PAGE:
“In answer I have to say that having, at the beginning of my official term, expressed my intended policy as plainly as I was able, it is with deep regret and mortification I now learn there is great and injurious uncertainty in the public mind as to what that policy is, and what course I intend to pursue. Not having as yet seen occasion to change, it is now my purpose to pursue the course marked out in the Inaugural Address. I commend a careful consideration of the whole document as the best expression I can give to my purposes. As I then and therein said, I now repeat, ‘The power confided in me will be used to hold, occupy, and possess property and places belonging to the Government, and to collect the duties and imposts; but beyond what is necessary for these objects, there will be no invasion, no using of force against or among the people any where.’ By the words ‘property and places belonging to the Government,’ I chiefly allude to the military posts, and property which were in possession of the Government when it came into my hands. But if, as now appears to be true, in pursuit of a purpose to drive the United States authority from those places, an unprovoked assault has been made upon Fort Sumter, I shall hold myself at liberty to repossess it, if I can, like places which had been seized before the Government was devolved upon me; and in any event I shall, to the best of my ability, repel force by force. In case it proves true that Fort Sumter has been assaulted, as is reported, I shall, perhaps, cause the United States mails to be withdrawn from all the States which claim to have seceded, believing that the commencement of actual war against the Government justifies and possibly demands it. I scarcely need to say that I consider the military posts and property situated within the States which claim to have seceded as yet belonging to the Government of the United States as much as they did before the supposed secession. Whatever else I may do for the purpose, I shall not attempt to collect the duties and imposts by any armed invasion of any part of the country; not meaning by this, however, that I may not land a force deemed necessary to relieve a fort upon the border of the country. From the fact that I have quoted a part of the Inaugural Address, it must not be inferred that I repudiate any other part, the whole of which I reaffirm, except so far as what I now say of the mails may be regarded as a modification.”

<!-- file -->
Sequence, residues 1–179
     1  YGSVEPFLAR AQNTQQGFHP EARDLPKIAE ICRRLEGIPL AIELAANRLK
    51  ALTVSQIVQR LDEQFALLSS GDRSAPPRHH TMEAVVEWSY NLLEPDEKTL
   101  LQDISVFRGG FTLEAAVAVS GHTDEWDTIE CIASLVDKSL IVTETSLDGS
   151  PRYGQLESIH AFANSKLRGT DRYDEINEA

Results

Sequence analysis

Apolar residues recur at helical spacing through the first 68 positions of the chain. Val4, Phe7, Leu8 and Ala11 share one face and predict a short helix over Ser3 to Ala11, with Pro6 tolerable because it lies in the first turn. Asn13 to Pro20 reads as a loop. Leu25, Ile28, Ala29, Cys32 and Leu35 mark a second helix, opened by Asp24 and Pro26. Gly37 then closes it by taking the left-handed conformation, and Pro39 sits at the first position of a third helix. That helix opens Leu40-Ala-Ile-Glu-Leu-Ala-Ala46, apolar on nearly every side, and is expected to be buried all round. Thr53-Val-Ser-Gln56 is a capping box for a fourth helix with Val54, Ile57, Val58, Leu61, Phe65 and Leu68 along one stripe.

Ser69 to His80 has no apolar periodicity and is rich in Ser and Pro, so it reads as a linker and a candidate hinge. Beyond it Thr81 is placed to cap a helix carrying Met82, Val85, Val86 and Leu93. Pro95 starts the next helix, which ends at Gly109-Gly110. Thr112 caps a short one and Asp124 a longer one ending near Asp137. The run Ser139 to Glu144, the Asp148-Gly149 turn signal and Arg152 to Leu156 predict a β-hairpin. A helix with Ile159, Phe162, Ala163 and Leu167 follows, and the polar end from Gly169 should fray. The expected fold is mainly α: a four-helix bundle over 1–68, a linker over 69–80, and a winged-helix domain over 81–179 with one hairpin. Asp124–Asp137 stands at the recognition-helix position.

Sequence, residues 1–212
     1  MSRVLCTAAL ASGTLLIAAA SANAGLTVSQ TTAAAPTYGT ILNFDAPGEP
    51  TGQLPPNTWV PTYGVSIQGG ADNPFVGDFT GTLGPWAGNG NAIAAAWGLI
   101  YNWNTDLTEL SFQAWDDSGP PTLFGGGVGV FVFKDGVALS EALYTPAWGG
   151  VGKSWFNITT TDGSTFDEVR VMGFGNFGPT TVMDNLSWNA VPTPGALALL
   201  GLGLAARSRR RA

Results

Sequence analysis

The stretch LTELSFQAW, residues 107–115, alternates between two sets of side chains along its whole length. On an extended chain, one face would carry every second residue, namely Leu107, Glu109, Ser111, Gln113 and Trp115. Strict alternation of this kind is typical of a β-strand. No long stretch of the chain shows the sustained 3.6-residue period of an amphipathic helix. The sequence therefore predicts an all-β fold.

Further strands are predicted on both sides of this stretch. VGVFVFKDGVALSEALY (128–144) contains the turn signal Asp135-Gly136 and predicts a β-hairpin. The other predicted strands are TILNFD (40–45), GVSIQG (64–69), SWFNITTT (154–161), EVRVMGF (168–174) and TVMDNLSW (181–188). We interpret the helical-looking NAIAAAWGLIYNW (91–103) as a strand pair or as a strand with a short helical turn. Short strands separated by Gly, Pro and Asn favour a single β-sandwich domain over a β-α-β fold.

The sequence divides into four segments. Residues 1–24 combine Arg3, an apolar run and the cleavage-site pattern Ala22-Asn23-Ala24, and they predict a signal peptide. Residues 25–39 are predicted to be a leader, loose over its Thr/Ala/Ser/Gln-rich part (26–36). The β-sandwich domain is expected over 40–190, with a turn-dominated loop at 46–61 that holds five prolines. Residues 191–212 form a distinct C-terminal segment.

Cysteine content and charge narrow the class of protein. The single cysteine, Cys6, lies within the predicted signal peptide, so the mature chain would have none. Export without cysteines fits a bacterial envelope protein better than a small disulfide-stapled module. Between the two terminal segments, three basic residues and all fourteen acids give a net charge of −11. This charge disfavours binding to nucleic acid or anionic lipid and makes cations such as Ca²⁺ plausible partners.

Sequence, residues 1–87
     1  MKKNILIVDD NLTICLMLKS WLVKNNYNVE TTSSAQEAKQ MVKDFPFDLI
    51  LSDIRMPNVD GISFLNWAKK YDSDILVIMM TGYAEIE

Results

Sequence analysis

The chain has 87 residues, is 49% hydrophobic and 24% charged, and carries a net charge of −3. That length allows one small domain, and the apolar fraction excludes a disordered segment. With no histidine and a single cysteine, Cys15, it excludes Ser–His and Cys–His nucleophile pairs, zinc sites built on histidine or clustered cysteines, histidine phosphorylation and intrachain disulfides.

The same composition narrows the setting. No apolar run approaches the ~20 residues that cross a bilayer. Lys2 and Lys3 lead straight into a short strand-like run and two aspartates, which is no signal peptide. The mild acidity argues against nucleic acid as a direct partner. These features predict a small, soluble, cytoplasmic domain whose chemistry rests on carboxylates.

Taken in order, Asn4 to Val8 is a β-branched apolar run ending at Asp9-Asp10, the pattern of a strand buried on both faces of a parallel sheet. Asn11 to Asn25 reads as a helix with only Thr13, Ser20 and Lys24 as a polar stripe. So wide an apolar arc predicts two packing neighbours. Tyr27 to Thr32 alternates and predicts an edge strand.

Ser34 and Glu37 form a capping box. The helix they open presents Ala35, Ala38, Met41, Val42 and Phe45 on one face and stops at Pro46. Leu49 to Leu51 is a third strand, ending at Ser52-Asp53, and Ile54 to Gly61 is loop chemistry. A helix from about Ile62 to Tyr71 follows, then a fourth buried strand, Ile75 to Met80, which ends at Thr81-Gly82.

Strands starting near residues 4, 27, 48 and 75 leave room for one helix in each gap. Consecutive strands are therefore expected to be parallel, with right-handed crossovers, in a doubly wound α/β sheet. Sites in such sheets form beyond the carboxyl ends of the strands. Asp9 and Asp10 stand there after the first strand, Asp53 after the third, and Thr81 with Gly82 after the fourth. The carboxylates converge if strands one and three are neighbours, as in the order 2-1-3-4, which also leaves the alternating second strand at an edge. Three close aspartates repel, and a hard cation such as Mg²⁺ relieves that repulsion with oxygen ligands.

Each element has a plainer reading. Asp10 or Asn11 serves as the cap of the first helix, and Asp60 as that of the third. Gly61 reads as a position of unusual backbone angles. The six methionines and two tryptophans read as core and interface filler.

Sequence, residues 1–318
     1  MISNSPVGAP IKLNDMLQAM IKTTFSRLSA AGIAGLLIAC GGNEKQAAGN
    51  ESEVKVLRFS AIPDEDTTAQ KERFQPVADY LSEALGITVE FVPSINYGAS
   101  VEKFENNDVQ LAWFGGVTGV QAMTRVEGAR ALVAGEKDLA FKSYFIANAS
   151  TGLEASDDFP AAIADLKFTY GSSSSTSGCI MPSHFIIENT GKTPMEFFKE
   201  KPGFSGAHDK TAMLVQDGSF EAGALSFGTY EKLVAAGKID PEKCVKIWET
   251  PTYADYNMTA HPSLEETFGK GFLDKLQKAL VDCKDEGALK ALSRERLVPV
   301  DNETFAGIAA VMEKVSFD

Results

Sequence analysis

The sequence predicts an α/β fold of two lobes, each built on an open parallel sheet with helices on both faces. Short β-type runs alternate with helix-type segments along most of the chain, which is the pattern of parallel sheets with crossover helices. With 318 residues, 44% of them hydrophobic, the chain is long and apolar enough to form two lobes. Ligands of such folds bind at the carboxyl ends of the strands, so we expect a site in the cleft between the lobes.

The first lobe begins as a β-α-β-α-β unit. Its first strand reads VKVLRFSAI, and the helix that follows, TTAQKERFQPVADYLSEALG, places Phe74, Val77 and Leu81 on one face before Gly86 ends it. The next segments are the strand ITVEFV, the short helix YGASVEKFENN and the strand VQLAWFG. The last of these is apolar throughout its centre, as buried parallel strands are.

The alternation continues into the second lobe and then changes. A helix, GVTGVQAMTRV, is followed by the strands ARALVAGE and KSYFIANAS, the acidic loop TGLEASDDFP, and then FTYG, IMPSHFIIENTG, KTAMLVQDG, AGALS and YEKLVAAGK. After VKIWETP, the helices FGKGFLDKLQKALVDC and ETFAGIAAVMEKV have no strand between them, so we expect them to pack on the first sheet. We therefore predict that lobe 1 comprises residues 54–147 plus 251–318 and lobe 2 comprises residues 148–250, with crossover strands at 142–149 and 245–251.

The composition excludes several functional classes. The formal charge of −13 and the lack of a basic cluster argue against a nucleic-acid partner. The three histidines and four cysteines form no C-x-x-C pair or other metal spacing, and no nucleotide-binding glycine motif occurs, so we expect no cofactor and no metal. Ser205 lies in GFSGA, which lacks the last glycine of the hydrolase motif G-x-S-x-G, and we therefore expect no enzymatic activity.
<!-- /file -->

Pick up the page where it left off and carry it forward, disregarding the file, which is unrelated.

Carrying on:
General P. G. T. Beauregard